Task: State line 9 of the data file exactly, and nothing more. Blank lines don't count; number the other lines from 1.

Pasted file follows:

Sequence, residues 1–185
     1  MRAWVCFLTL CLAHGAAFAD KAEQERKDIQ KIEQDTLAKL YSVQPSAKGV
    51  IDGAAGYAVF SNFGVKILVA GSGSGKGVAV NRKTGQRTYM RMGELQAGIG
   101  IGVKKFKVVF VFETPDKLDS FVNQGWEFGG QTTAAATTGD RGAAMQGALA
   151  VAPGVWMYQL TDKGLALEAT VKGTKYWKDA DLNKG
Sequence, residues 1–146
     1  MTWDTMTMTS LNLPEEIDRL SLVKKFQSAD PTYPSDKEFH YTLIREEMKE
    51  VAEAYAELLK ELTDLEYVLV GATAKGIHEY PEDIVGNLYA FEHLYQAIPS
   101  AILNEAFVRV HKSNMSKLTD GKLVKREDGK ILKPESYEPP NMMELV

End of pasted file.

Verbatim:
   101  AILNEAFVRV HKSNMSKLTD GKLVKREDGK ILKPESYEPP NMMELV